Moreover, the money returned to shareholders via dividends or stock buybacks does not just disappear from the economy. Rather, it often finds its way to growing new businesses or is used to finance emerging technologies. 

In conclusion 

All in all, a share repurchase will always grow the value of the company’s stock and therefore be beneficial to the shareholders. However, as an investor it is important to understand the motives of such a move, so the true value of the company can be determined. 

Disclaimer: The content on this site should not be considered investment advice. Investing is speculative. When investing, your capital is at risk. 

Frequently Asked Questions about Stock Buybacks

How does stock buyback work?

A stock buyback occurs when a company buys back its own shares from the marketplace. This reduces the number of outstanding shares, often aiming to increase the value of remaining shares and improve financial ratios like earnings per share (EPS).

Why do companies buyback stock?

Companies buy back stock to reduce the number of outstanding shares in the market, which can increase the stock’s value and improve financial metrics like earnings per share. This strategy can also signal management’s confidence in the company’s future and return excess cash to shareholders.

What happens to share price after buyback?

After a buyback, the share price can potentially increase because the outstanding shares in the market decrease, which improves earnings per share ratios. However, the actual impact on share price can vary depending on several factors, including the market’s perception of the buyback’s rationale.

Do I have to sell my shares in a buyback?

No, you are not obligated to sell your shares in a buyback. Companies typically offer to purchase shares back at a premium to the current market price, but it is up to the shareholder to decide whether to accept the offer.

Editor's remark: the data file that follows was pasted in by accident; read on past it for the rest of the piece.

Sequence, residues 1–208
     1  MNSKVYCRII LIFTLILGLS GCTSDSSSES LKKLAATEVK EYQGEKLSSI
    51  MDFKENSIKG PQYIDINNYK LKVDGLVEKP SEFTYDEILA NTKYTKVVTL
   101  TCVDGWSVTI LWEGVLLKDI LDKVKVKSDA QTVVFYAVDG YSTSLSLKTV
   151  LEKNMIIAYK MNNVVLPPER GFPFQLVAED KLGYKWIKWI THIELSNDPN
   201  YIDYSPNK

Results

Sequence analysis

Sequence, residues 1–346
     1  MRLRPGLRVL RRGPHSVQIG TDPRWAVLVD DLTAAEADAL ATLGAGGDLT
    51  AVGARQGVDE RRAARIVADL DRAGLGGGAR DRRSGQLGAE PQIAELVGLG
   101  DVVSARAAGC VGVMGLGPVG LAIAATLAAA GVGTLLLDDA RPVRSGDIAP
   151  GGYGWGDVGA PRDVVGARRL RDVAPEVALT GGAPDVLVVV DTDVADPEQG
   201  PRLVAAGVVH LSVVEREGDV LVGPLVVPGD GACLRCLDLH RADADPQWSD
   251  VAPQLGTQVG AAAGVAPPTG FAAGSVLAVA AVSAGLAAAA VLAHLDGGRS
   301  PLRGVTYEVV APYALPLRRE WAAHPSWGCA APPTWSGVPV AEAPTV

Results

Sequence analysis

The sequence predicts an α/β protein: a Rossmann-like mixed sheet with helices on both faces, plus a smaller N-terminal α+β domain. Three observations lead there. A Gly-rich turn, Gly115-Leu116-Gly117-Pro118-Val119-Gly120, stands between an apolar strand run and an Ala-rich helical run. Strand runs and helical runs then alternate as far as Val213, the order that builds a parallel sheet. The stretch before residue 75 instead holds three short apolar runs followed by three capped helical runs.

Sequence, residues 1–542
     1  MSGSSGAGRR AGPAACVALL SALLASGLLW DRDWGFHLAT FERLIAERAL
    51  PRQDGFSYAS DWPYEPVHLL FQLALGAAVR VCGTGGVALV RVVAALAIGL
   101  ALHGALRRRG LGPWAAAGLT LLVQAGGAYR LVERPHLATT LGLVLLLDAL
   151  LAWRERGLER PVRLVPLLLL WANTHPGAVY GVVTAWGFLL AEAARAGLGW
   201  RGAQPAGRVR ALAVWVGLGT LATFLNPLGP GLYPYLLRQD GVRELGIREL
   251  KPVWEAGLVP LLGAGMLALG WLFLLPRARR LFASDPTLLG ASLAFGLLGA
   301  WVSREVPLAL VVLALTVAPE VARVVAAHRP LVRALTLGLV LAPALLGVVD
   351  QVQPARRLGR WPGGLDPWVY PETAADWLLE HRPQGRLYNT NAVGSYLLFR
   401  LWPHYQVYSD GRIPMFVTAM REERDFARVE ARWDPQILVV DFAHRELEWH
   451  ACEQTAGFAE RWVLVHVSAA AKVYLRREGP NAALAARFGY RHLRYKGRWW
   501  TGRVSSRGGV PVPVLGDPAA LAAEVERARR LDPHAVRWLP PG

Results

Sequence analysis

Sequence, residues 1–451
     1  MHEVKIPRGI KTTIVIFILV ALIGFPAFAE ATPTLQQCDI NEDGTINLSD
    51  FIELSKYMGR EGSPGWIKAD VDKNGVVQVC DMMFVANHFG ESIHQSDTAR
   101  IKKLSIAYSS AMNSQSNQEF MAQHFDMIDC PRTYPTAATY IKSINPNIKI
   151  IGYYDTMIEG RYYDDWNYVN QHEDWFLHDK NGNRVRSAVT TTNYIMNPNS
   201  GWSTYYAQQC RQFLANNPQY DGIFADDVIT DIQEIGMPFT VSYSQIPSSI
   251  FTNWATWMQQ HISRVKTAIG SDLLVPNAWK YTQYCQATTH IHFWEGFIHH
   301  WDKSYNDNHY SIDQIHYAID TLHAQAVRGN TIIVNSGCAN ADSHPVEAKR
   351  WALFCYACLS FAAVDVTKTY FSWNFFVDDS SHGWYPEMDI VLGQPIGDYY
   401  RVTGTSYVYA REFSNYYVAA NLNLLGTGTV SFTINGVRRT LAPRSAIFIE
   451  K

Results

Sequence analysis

Is stock buyback good or bad?

Whether stock buybacks are good or bad depends on the context and the outcomes sought. Buybacks can be good if they return excess cash to shareholders, increase shareholder value, and signal confidence in the company’s valuation. However, they may be considered bad if they are used to artificially inflate stock prices, mismanage capital, or neglect investment in the company’s growth. Ultimately, whether a buyback is good or bad must be evaluated on a case-by-case basis, taking into account the company’s financial health, the timing of the buyback, and the broader economic conditions.

What are some stock buyback rules?

Stock buybacks are governed by regulations to ensure fairness and transparency, including specific rules on buyback methods, timing, and disclosure. Companies typically must follow SEC Rule 10b-18, which sets guidelines to limit market manipulation and ensure the repurchases are conducted at times and prices that do not unduly influence the stock price.

What are private company stock buyback rules?

In private companies, stock buybacks are typically governed by the company’s own buy-sell agreements and internal policies, rather than public market regulations. These rules can include stipulations on the conditions under which buybacks occur, pricing methods for the shares, and how the buybacks are funded, all of which are often outlined in the company’s bylaws or shareholders’ agreement.